To me, the stickler always seems to revolve around with dealing with magic. D&D's default magic system is generally to flashy and powerful for "historical" games, where magic is hidden, restricted and/or difficult. It can be done, but as MGibster points out, there's other game systems that can handle it naturally where you don't have to throw out half of D&D's systems to get similar effects.I attempted an Ancient Greek campaign using one of the historical green books from 2nd edition AD&D. It didn't go very well as I don't think AD&D was well suited to that kind of thing. There are just too many changes one has to make and you get to the point where it no longer feels like you're playing D&D. So why bother using D&D at that point?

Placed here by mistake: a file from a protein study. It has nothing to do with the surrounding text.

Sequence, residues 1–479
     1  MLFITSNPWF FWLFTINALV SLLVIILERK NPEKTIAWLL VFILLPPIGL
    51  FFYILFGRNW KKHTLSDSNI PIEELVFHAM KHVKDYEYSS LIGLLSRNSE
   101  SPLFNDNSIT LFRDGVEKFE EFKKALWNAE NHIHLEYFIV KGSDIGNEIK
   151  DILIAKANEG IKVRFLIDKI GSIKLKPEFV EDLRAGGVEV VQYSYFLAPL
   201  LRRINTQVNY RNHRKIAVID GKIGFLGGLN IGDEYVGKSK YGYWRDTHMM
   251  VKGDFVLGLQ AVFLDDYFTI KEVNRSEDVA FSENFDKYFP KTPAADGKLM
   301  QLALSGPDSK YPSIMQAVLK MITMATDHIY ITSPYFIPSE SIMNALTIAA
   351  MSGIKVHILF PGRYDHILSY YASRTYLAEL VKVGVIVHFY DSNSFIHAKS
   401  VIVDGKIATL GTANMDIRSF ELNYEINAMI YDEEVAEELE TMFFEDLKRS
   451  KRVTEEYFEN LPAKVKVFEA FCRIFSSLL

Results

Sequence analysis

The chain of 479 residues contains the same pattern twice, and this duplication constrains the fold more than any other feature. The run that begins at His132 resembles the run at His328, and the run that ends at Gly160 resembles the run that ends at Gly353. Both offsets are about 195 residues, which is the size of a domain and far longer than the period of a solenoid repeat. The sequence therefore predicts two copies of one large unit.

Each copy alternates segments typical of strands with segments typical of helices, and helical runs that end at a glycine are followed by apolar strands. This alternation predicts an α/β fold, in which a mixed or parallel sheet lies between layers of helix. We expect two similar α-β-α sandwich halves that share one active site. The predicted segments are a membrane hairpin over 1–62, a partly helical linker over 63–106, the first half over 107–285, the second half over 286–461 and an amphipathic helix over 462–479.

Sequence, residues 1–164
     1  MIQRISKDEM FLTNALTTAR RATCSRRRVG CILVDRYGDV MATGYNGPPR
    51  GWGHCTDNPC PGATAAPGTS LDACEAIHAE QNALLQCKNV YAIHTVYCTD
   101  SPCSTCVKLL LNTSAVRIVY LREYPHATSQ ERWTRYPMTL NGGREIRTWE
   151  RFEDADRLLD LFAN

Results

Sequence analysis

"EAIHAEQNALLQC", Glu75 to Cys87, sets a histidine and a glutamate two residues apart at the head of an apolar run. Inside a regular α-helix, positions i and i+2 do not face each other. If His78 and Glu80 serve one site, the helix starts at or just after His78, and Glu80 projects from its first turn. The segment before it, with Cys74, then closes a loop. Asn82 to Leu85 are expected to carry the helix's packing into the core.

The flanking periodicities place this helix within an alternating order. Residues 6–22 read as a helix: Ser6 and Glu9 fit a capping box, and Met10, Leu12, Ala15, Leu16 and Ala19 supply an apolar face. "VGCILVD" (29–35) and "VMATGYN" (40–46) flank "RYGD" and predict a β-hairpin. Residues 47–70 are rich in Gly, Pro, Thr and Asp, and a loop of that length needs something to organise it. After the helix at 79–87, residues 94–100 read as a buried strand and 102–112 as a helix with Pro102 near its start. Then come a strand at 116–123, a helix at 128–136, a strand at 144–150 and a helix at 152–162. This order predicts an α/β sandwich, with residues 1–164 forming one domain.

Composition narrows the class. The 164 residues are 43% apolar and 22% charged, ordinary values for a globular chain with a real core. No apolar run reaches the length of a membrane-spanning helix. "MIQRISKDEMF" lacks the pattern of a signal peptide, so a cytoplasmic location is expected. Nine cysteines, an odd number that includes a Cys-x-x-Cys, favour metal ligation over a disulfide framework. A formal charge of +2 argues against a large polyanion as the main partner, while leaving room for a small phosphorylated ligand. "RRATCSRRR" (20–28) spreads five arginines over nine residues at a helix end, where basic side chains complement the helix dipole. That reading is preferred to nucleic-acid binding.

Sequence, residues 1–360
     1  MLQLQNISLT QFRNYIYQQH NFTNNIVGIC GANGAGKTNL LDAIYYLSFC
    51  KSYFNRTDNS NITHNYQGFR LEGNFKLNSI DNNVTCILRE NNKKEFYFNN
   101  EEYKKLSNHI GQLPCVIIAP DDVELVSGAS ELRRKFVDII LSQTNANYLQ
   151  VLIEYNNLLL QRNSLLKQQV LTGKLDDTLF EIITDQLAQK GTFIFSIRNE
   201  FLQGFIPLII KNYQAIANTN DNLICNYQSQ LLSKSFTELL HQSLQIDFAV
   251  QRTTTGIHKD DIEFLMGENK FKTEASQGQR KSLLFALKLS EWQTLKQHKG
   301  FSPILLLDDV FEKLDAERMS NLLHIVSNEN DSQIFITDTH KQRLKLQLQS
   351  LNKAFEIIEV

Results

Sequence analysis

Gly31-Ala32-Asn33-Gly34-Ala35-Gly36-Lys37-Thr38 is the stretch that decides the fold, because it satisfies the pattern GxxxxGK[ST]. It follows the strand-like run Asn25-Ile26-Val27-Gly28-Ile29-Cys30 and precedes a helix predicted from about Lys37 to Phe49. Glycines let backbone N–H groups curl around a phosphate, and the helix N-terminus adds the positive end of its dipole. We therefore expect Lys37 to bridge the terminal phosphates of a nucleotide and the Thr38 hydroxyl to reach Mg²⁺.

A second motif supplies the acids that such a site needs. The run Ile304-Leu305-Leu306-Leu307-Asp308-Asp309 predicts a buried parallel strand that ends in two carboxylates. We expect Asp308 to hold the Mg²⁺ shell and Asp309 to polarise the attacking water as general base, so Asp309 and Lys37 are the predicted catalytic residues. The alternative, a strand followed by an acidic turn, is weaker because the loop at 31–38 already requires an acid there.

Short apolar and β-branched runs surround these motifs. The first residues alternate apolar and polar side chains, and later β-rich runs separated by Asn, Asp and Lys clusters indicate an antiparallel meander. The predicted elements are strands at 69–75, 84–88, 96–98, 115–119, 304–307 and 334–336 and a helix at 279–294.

Though, Theros shows you can do history/real-world inspired campaigns if you're willing to bend to accept "magic is real" and "magic is common" of regular D&D play.